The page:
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How do the risks and benefits of nanotechnology, as viewed by the public, compare with those associated with other technologies such as genetically modified organisms, stem cells, biotechnology and nuclear power? And when deciding to use a specific nanotechnology product, will consumers consider the risks, the benefits, or both? We report the first(More)
In 2003, under the auspices of the main UK funders of biological and biomedical research, a working group was established with a remit to review potential welfare issues for genetically altered (GA) mice, to summarize current practice, and to recommend contemporary best practice for welfare assessments. The working group has produced a report which makes(More)
Ultrasound in medical education has seen a tremendous growth over the last 10–20 years but ultrasound technology has been around for hundreds of years and sound has an even longer scientific history. The development of using sound and ultrasound to understand our body and our surroundings has been a rich part of human history. From the development of(More)
PRESIDENT OBAMA’S EARLY STRONG STATEMENTS ABOUT SCIENCE, UNDERSCORED BY THE outstanding team of scientific experts he has assembled and big bucks in the stimulus package, have been a breath of fresh air. Understandably, there is some temptation to rest easy and not worry about happenings in Washington, comforted by the thought that U.S. science and science(More)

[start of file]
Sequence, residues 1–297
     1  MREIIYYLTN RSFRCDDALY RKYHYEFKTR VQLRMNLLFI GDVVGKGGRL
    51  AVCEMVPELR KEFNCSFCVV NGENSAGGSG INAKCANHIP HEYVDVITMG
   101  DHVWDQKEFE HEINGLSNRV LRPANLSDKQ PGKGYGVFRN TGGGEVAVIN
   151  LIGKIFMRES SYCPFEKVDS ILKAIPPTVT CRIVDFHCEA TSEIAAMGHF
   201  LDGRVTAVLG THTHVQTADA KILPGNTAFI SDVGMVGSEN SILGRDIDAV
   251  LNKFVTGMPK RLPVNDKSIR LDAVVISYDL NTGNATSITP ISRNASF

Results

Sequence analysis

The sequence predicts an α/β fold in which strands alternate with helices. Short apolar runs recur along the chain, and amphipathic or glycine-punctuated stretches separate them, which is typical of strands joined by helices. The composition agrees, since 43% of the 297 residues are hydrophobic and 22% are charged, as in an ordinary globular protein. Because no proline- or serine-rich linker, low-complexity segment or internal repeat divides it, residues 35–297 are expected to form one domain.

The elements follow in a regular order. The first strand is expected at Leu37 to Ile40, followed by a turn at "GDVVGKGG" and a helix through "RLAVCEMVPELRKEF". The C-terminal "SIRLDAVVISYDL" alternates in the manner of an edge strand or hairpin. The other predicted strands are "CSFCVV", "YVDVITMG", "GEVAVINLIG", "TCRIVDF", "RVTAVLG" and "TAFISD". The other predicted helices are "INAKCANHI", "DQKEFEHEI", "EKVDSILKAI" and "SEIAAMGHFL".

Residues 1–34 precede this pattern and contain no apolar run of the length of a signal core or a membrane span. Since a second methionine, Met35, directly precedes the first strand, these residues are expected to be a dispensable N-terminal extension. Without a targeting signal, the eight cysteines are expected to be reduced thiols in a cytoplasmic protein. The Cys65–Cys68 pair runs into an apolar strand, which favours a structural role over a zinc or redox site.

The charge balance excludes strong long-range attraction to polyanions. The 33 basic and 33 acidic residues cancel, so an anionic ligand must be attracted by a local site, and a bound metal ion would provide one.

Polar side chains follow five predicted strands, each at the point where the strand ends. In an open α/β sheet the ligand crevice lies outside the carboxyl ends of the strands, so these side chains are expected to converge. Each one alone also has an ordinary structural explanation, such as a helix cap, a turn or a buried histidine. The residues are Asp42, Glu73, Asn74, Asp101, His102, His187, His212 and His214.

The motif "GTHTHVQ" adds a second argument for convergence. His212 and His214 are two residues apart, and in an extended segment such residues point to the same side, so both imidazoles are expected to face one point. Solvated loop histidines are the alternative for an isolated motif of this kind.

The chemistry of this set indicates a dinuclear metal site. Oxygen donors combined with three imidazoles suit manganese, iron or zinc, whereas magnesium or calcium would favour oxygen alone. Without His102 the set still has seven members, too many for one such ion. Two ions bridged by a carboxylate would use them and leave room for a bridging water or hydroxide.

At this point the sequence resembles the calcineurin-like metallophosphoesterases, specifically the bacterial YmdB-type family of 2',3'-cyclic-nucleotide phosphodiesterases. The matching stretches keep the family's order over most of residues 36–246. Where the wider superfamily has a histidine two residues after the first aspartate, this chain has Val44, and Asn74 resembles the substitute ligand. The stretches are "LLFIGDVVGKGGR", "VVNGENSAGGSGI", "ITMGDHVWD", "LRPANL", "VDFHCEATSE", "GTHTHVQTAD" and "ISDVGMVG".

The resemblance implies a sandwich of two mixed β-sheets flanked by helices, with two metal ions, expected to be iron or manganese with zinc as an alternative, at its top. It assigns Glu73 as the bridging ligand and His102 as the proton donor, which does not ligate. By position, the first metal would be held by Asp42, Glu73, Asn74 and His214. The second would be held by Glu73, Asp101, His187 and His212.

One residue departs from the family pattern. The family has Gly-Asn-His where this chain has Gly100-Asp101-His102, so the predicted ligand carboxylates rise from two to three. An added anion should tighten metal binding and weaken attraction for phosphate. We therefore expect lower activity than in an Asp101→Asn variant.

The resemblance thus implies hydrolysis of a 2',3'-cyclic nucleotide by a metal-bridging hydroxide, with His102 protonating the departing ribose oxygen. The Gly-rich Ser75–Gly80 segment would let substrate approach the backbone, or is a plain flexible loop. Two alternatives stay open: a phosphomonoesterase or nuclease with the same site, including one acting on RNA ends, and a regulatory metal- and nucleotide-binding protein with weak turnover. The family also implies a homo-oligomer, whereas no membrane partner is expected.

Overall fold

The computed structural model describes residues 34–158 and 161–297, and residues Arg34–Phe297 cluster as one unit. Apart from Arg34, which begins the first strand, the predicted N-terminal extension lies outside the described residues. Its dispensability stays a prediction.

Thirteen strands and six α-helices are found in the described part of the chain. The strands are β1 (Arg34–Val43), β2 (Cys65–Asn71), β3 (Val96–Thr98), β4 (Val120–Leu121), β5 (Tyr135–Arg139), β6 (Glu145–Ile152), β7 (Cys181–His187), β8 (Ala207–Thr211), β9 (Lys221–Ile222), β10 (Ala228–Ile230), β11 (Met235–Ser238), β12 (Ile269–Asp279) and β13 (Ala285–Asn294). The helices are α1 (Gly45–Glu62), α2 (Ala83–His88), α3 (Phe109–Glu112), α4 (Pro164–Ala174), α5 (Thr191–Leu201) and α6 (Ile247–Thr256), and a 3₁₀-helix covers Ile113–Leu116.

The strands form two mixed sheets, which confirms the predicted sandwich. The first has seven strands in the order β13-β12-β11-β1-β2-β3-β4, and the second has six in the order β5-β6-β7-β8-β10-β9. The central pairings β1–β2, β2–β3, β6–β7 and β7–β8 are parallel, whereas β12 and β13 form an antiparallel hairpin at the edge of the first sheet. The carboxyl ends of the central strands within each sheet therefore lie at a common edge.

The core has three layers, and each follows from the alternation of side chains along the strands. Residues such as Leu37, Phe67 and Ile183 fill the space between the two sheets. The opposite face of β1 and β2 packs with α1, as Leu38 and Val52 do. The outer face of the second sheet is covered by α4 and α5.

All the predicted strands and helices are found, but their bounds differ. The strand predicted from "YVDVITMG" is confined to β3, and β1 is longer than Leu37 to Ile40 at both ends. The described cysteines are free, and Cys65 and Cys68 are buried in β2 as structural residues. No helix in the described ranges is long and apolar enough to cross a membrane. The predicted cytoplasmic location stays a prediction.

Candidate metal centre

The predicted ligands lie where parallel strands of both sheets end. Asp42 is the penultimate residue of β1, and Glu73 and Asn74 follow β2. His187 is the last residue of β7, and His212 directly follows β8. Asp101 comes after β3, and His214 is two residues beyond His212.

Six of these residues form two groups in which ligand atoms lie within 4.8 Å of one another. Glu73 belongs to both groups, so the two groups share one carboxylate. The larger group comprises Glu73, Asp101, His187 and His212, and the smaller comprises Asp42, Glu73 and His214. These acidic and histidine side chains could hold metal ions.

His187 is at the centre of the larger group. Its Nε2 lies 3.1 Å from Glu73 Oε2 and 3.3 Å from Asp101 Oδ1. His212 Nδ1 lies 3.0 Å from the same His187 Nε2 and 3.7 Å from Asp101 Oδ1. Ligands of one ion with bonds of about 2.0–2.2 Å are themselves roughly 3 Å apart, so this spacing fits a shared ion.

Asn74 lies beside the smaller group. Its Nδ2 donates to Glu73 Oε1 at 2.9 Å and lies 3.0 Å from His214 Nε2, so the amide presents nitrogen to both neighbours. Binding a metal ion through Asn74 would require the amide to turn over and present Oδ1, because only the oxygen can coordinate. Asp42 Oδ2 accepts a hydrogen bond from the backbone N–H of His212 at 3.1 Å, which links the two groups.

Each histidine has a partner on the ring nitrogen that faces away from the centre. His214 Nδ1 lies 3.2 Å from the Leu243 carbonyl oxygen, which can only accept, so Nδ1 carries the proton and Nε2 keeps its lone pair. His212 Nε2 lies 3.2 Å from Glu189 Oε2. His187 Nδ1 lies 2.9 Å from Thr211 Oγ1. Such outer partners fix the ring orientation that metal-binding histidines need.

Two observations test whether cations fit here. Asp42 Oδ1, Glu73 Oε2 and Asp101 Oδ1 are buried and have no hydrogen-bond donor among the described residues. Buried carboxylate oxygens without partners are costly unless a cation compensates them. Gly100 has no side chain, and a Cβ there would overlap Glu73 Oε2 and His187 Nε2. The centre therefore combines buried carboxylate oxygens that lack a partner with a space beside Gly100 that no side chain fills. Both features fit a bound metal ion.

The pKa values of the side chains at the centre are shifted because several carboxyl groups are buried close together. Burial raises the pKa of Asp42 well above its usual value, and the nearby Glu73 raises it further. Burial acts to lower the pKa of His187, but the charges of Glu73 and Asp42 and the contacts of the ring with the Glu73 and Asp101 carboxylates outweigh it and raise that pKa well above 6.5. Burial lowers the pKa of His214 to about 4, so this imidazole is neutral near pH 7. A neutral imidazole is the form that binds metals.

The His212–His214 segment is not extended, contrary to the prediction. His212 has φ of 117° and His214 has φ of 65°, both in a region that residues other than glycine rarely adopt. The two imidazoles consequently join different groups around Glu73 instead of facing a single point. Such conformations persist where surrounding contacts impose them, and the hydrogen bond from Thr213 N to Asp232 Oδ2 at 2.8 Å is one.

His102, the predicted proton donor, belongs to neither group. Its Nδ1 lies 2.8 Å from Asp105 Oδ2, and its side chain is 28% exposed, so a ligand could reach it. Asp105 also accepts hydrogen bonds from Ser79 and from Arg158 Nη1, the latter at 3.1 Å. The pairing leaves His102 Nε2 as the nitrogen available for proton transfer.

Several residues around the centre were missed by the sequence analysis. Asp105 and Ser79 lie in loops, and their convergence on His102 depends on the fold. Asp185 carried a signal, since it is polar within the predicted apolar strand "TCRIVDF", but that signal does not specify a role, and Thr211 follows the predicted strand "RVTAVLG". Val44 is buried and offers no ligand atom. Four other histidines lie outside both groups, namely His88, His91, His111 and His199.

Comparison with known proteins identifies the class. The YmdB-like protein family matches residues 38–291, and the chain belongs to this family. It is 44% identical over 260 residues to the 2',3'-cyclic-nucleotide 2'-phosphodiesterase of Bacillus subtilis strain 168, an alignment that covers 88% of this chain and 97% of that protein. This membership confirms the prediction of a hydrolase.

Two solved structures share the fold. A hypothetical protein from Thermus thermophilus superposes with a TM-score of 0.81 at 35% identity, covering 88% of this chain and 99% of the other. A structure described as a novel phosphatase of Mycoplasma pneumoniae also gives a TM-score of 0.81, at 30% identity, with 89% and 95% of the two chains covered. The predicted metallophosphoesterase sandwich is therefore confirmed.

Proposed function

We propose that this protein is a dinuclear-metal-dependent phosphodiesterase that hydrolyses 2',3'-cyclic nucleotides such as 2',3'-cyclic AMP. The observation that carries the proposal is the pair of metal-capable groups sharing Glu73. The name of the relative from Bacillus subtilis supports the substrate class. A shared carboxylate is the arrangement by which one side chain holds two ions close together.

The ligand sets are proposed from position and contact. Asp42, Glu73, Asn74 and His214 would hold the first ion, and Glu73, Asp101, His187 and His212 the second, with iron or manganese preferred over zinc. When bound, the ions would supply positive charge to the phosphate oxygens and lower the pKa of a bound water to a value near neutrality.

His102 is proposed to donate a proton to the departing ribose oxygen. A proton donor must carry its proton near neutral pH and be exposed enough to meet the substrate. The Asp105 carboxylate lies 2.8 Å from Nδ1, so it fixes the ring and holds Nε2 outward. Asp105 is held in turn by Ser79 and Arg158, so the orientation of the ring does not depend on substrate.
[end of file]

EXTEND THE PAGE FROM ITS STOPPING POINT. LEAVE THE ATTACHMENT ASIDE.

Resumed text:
SIR — David Goldston appropriately demolishes the idea of a US presidential candidate debate on science, in his Column ‘A debatable proposition’ (Nature 451, 621; 2008). It’s hard to imagine anything worse for the cause of science than to subject it to the sort of high-profile demagogic posturing now reserved for immigration, medical care, social security,(More)
A s President Trump takes office, he has the enormous undertaking of making thousands of political appointments across the federal government, including nearly 800 nominations requiring Senate confirmation. Among his top priorities should be to nominate a science adviser and to staff the Office of Science and Technology Policy (OSTP), the single agency in(More)
T here is a growing and troubling assault on using credible scientific knowledge in U.S. government regulation that will put science and democracy at risk if unchecked. We present five examples, and the false premises on which they are based, of current attempts in the U.S. Congress in the supposed pursuit of transparency and accountability but at the(More)